Photo credit: Don Heupel
The Washington Capitals are in second place in the Southeast Division, only one point behind the leading Tampa Bay Lightning with 21 games remaining this season. Can the Caps catch them?
As usual, we will ask the Monte Carlo Machine to simulate the rest of the season. To determine the chance of winning any individual game we will use the Log5 method. Log5 is a method of estimating the winning percentage when two teams play each other. The formula is:
W%(A v. B) = W%(A)*(1 – W%(B))/(W%(A)*(1 – W%(B)) + (1 – W%(A))*W%(B))
Since we know what the win percentage is for both Washington and Tampa Bay, and their remaining schedule, we can pop these results in, run the Machine 10,000 times and see how often the Caps come out ahead of the Lightning in the division.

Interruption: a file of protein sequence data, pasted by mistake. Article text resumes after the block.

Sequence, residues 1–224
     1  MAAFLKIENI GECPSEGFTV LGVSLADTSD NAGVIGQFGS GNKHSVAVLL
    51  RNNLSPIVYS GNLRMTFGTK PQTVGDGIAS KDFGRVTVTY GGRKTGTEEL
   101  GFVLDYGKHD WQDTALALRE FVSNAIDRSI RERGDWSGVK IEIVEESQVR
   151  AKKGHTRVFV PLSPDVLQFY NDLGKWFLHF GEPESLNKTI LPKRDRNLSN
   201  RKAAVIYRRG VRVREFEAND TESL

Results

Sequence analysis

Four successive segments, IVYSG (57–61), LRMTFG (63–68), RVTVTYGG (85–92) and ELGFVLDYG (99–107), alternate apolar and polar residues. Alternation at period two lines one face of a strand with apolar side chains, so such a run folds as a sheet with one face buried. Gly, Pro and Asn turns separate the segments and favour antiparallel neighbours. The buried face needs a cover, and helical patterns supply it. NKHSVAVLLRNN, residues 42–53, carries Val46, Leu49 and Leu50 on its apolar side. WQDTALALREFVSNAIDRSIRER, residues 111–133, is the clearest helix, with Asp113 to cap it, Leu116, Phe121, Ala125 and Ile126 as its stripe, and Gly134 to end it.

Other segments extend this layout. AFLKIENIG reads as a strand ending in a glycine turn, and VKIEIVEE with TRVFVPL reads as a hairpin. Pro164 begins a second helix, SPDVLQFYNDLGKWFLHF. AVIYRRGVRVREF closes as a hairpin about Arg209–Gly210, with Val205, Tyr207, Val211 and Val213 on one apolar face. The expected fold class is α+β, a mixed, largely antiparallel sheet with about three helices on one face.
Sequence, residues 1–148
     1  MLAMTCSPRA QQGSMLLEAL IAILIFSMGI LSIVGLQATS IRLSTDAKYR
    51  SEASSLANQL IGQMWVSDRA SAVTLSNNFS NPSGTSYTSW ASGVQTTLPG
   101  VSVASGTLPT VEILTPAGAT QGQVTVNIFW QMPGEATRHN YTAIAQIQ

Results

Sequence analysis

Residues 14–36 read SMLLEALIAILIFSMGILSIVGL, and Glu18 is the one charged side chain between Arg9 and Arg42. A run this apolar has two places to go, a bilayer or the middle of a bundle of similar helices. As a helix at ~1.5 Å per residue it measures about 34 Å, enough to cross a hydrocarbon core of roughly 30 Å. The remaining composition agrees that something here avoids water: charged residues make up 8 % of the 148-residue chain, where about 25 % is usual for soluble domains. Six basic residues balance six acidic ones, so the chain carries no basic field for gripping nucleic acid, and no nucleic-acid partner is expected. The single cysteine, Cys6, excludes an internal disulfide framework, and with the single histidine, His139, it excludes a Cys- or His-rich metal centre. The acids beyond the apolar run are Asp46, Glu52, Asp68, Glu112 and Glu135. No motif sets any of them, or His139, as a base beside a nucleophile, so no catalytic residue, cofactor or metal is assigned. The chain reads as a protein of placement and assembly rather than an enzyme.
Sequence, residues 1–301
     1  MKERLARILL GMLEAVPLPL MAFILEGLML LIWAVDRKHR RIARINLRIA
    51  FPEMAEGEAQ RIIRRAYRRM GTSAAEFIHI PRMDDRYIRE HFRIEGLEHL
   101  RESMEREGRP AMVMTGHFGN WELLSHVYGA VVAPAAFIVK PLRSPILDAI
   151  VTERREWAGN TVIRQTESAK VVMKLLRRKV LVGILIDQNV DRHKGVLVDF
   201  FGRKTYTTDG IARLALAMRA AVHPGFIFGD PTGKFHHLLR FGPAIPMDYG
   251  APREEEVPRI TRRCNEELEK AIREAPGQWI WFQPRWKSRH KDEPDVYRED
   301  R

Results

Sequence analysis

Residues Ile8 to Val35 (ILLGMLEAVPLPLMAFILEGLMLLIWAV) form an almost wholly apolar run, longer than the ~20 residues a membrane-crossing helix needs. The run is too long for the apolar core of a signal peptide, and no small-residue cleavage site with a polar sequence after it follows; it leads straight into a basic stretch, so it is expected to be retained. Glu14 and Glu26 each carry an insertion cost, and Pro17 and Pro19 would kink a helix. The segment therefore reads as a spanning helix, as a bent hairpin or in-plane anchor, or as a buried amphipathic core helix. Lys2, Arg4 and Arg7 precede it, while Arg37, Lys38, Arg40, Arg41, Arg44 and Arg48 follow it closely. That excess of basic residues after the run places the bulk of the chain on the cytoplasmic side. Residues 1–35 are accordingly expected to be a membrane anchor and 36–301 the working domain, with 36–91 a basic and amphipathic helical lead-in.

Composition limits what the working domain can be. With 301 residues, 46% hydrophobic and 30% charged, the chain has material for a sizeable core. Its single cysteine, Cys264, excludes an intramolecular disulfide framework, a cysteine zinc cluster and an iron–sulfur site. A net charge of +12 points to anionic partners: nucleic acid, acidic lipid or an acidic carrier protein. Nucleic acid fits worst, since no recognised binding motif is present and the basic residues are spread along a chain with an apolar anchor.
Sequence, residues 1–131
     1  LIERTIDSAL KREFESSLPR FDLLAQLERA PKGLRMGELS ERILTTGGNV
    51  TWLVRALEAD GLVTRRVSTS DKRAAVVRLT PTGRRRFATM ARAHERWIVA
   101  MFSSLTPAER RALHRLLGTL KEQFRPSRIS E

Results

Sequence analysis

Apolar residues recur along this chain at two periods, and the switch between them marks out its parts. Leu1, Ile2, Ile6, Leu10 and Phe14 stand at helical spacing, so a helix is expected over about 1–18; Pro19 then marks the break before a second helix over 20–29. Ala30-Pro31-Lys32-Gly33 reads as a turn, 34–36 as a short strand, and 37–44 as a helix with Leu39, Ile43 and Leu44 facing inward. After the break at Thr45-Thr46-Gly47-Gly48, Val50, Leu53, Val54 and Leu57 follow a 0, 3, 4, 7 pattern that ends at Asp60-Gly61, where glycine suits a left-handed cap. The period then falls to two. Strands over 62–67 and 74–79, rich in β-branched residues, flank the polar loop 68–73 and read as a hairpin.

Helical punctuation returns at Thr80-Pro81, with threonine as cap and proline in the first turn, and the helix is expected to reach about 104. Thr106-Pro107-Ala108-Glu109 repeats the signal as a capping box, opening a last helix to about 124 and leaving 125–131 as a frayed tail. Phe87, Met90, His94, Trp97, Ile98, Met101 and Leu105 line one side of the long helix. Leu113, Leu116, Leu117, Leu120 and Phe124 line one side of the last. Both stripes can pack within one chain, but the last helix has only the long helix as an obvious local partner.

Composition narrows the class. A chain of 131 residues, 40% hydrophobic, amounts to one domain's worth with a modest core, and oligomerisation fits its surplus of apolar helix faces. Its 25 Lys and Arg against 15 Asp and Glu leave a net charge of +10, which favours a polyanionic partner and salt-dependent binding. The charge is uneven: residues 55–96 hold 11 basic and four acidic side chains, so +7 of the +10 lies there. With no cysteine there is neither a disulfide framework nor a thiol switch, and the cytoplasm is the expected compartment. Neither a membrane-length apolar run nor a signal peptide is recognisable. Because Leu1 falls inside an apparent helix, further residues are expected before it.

The chart above shows how often each team is projected to finish the season with a certain number of points. Thirty-two percent of the time we expect the Capitals to end the campaign with 103 points while the Lightning would finish with the same number of points 17% of the time. But since Tampa Bay has more upside, we would expect them to win the division more often than not. According to the Monte Carlo Machine, the Caps have a 43.94% chance at winning the Southeast Division.
In contrast, I ran the same simulation for the New Jersey Devils — everyone’s favorite underdog. If we go on Mirtle’s premise of needing 90 points in the Eastern Conference to make the playoffs, the Devils would have to win 17 out of their next 22 contests. In other words, they would make the playoffs in 6 out of every 10,000 seasons. Now that is a long shot.
Editing by Chris Gordon and Ian Oland.